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    The thing that has helped me on every pistol that I own is to be "hyper" focused on the front sight. I could go on and on with other things to worry about but first master your front sight. The issue is you, not your glock (while I own several, I'm a sig guy myself).

    And... dry firing is your friend!
     
  9. OP
    OP
    AucturitasJones

    AucturitasJones Well-Known Member

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    I am familiar with the troubleshooting targets that help find anticipation or pulling on the trigger and unfortunately I'm all over the target at least the size of a big pie pan. If anything everything's slightly higher instead of lower. I went to a gun show in Minnesota a couple weeks ago and talked to the Glock rep who is also an instructor. He says it's not uncommon when switching from the 1911 to a Glock to see some trouble for some guys but he had me hold a pistol and had me correct the angle of my left support hand, and turn my right elbow down to lock it tighter in place. It seems to have helped, I'd say my groups have shrank by a couple inches. If anything I'm reaquiring the front sight a lot faster. I've determined that I just need to put lots of time in with this gun until I get it dialed in. Thanks for the advice everyone, I'm going to try and integrate everybody's suggestions to see what helps. :)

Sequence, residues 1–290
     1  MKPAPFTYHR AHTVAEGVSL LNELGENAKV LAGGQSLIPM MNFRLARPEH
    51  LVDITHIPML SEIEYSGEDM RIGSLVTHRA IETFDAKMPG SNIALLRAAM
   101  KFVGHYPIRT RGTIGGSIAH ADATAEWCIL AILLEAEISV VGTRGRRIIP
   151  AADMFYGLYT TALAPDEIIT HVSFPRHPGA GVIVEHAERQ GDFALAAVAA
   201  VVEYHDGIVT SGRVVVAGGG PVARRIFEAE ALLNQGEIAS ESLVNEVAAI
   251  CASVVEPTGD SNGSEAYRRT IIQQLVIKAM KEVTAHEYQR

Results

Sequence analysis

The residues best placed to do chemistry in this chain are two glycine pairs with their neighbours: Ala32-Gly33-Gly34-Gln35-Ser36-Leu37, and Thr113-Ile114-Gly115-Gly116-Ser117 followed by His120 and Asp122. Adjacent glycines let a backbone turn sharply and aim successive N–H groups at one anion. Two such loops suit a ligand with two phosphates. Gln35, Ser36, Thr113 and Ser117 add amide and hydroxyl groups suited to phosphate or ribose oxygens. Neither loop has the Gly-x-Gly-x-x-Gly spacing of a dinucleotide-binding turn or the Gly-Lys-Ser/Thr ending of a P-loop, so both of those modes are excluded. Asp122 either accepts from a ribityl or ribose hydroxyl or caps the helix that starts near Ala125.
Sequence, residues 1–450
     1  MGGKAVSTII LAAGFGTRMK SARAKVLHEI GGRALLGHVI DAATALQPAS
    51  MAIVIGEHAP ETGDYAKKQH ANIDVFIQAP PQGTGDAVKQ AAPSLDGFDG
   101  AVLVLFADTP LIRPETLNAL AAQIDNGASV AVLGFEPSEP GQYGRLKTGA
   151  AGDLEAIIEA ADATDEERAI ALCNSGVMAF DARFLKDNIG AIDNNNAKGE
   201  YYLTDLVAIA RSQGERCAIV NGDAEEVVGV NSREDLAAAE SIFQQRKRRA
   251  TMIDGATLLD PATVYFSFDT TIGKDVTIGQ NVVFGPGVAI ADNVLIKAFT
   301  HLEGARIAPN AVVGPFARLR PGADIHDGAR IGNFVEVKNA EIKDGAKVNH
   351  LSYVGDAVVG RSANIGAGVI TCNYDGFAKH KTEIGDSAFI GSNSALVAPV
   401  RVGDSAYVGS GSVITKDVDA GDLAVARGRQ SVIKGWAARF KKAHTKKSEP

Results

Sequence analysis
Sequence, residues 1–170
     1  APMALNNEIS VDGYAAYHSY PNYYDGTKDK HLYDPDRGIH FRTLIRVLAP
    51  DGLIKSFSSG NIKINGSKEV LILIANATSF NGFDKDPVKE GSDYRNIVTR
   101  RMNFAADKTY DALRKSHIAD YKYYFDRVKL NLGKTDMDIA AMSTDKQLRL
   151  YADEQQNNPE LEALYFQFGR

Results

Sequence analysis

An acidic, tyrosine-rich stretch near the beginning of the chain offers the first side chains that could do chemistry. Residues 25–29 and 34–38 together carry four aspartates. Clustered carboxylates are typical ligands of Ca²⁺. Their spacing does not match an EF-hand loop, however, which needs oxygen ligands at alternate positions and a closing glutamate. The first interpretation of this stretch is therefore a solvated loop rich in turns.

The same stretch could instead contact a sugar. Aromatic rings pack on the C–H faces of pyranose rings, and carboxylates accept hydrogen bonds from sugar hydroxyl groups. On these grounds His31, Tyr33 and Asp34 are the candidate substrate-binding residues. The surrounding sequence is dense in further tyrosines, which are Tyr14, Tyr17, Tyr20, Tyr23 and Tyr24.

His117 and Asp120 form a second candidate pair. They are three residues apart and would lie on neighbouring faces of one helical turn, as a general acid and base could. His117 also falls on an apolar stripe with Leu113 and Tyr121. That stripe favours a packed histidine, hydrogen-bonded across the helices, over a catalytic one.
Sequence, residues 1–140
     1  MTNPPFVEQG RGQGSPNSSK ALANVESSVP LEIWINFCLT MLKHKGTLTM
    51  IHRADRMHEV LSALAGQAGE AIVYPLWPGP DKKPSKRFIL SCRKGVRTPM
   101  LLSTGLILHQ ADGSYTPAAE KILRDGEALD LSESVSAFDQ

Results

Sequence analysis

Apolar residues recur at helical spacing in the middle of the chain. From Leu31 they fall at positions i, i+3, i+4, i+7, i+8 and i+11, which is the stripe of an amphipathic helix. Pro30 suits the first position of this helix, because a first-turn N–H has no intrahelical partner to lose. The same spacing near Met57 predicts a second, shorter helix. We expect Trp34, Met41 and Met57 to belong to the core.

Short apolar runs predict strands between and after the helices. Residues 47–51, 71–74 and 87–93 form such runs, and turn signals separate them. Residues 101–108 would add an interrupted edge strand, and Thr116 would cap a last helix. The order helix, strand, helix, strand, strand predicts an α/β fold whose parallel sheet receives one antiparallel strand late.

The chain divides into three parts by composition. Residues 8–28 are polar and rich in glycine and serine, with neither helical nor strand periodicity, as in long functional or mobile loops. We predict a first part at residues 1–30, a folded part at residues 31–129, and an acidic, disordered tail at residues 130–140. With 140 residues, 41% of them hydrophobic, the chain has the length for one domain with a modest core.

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  10. Gadsden11

    Gadsden11 Well-Known Member

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    Glad you are shooting better! More trigger time always helps. If you ever make it down to Milwaukee hit me up and we will go shoot. I'll bring the ammo.
     
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  11. Squibbles

    Squibbles Well-Known Member

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    Glocks also have kind of a high trigger pull since they’re DAO. Do like a 2lb trigger and you’ll be surprised at the difference a hair trigger makes for accuracy, I wouldn’t recommend that on a conceal carry though.
    I forgot the Glock 20/21 has a really awful grip, normal sized hands tend not to be ideal. A lot of people have them machined or reshape them.
     
  12. Sean L

    Sean L Well-Known Member

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    Yep, and I think they make slim frame versions of those now. I always thought the older Glocks in .45 were too bulky but since I've seen my uncles G36 I like em.
     
  13. roaniecowpony

    roaniecowpony Well-Known Member

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    When I don't like a gun, I usually sell it.

    There's something for everyone. But some things are not for everyone.
     
  14. CJ7nvrstk

    CJ7nvrstk Member

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    Maybe these can help!

    image.jpg

    image.jpg
     
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  15. UKCATS

    UKCATS Well-Known Member

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    Ha! I like the second one.